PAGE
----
Clinical Chemistry and Laboratory Medicine (CCLM)
Published in Association with the European Federation of Clinical Chemistry and Laboratory Medicine (EFLM)
Editor-in-Chief: Plebani, Mario
Ed. by Gillery, Philippe / Lackner, Karl J. / Lippi, Giuseppe / Melichar, Bohuslav / Schlattmann, Peter / Tate, Jillian R. / Tsongalis, Gregory J.
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ThalassoChip, an array mutation and single nucleotide polymorphism detection tool for the diagnosis of β-thalassaemia
1Department of Molecular Genetics Thalassaemia, The Cyprus Institute of Neurology and Genetics, Nicosia, Cyprus
2Asper Biotech Ltd., Tartu, Estonia
3Department of Medical Genetics, Athens University Medical School, Athens, Greece
4National Center for Diabetes, Endocrinology and Genetics, University of Jordan, Amman, Jordan
5Hematology Department of the Pediatric Hospital, Cairo University, Cairo, Egypt
6Department of Hematology, Hadassah-Hebrew University Medical Center, Jerusalem, Israel
7Center of Excellence for Genome Research in Medicine, King AbdulAziz University, Jeddah, Saudi Arabia
8Department of Science, Biomedicine and Biotechnology, University of Cagliari, Cagliari, Italy
9European Genetic Foundation, Bologna, Italy
Citation Information: Clinical Chemistry and Laboratory Medicine. Volume 48, Issue 12, Pages 1713–1718, ISSN (Online) 1437-4331, ISSN (Print) 1434-6621, DOI: 10.1515/CCLM.2010.331, August 2010
- Published Online:
Background: The detection and diagnosis of β-thalassaemia for populations with molecular heterogeneity, or diverse ethnic groups, has increased the need for the development of an array high-throughput diagnostic tool that can deliver large scale genetic detection. We report on the update and validation of the ThalassoChip, a β-thalassaemia genetic diagnostic tool which is based on arrayed primer extension (APEX) technology.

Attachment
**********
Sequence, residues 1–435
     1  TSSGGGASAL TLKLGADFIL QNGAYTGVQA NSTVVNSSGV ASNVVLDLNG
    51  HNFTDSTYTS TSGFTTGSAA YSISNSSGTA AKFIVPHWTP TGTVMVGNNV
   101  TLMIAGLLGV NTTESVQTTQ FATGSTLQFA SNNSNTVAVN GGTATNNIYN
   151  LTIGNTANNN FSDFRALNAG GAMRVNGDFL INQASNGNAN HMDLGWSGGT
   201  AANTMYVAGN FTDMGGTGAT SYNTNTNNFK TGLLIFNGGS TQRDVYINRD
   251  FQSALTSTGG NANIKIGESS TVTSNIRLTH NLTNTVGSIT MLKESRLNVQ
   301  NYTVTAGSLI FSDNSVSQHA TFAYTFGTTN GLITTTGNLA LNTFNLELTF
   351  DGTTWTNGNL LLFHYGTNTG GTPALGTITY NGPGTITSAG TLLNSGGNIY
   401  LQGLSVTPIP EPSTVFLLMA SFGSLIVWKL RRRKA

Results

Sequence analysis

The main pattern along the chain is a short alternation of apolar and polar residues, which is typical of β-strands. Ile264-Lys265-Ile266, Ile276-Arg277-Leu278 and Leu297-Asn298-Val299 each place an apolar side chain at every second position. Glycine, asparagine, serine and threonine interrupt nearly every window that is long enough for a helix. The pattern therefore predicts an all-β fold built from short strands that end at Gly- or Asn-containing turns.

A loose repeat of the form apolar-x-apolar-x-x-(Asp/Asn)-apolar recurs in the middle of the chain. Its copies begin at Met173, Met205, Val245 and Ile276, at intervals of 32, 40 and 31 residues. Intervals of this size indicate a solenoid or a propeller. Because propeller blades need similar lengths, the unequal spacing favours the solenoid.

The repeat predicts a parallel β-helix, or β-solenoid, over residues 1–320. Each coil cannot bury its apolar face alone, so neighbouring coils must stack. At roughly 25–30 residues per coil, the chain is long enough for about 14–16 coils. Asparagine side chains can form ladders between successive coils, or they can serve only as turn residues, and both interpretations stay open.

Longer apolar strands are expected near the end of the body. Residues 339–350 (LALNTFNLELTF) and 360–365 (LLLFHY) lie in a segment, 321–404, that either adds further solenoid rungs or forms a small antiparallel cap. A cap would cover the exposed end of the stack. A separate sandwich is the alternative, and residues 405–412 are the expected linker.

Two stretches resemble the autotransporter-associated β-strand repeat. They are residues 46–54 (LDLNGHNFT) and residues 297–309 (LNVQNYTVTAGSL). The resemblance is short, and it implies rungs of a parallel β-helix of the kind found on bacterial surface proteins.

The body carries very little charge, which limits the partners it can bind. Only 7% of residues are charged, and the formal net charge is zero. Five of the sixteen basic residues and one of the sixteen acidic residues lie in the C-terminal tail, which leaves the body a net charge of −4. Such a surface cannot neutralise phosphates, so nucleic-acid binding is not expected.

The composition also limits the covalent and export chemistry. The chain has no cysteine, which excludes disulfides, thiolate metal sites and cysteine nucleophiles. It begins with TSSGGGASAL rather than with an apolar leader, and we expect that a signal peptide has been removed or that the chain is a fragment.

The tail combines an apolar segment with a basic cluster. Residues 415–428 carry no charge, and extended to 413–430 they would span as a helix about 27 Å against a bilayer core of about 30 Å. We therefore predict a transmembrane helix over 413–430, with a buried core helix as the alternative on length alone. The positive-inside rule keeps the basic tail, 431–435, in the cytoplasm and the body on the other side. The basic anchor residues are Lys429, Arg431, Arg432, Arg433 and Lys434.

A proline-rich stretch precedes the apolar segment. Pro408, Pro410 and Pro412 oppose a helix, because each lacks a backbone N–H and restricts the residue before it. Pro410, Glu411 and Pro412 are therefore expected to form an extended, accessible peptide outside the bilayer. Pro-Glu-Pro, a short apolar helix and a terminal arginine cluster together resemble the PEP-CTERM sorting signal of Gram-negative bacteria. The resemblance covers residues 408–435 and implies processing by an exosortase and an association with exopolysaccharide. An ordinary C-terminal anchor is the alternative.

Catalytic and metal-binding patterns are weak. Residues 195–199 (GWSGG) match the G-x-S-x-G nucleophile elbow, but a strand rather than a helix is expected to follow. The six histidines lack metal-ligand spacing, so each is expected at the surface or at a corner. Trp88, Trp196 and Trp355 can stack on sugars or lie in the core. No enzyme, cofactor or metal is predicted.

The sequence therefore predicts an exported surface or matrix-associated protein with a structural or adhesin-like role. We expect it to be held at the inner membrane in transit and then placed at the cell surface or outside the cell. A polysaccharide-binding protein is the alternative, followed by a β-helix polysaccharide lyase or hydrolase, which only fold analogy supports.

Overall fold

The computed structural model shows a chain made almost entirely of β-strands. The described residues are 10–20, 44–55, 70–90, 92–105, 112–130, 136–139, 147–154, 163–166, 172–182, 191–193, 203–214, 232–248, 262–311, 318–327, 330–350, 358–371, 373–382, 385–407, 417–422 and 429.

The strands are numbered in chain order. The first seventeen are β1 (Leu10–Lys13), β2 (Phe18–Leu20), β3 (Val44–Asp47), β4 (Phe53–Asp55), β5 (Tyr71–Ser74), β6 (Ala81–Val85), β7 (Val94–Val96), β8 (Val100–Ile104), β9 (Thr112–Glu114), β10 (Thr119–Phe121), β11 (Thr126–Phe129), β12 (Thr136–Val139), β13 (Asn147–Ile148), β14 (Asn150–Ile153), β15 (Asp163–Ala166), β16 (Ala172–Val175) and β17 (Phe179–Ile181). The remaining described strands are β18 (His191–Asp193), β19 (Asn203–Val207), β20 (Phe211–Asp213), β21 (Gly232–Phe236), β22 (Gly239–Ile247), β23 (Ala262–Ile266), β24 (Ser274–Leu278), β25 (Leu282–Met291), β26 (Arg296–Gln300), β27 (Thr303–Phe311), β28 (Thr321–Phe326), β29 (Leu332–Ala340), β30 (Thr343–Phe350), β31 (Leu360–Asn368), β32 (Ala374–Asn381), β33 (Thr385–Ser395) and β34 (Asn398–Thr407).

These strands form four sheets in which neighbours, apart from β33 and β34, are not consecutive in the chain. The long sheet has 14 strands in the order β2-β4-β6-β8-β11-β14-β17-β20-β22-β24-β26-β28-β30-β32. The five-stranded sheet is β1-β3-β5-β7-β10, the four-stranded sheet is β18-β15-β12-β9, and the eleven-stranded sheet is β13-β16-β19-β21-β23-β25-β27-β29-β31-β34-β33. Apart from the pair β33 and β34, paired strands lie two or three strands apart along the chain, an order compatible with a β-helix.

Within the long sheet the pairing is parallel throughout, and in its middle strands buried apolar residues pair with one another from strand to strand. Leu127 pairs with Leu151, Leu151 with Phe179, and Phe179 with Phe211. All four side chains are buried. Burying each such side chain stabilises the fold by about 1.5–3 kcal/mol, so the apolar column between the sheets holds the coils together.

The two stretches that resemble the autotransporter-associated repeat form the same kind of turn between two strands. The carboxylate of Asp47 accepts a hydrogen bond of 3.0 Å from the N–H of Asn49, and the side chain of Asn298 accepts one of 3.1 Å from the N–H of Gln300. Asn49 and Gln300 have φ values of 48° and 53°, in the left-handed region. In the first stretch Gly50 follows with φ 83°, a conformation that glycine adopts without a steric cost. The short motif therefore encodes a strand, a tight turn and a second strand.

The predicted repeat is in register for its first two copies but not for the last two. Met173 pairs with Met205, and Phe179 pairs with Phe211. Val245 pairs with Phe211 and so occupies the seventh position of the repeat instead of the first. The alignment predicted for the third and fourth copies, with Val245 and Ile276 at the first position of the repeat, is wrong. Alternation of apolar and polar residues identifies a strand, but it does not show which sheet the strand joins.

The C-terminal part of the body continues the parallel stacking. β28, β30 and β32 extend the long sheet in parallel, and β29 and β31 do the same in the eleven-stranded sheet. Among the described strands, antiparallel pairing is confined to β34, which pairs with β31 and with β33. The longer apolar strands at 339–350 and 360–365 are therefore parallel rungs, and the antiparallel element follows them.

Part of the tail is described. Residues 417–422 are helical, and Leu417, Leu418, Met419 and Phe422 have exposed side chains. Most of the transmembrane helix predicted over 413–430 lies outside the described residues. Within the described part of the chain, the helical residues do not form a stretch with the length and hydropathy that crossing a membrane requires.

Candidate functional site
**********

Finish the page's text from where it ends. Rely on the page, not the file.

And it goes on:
Methods: ThalassoChip slides with new and redesigned probes were prepared for testing the microarray. Six hundred and sixty DNA samples collected from eight Mediterranean countries were used for standardisation, optimisation and validation of the ThalassoChip. The β-globin gene region was amplified by PCR, the products were hybridised to the probes after fragmentation and the APEX reaction followed.
Results: The ThalassoChip was updated with new probes and now has the ability to detect 57 β-globin gene mutations and three single nucleotide polymorphisms (SNPs) in a single test. The ThalassoChip as well as the PCR and APEX reactions were standardised and optimised using 500 DNA samples that were previously genotyped using conventional diagnostic techniques. Some probes were redesigned in order to improve the specificity and sensitivity of the test. Validation of the ThalassoChip performed using 160 samples analysed in blinded fashion showed no error.
Conclusions: The updated version of the ThalassoChip is versatile, robust, cost-effective and easily adaptable, but most notably can provide comprehensive genetic diagnosis for β-thalassaemia and other haemoglobinopathies.
Clin Chem Lab Med 2010;48:1713–8.
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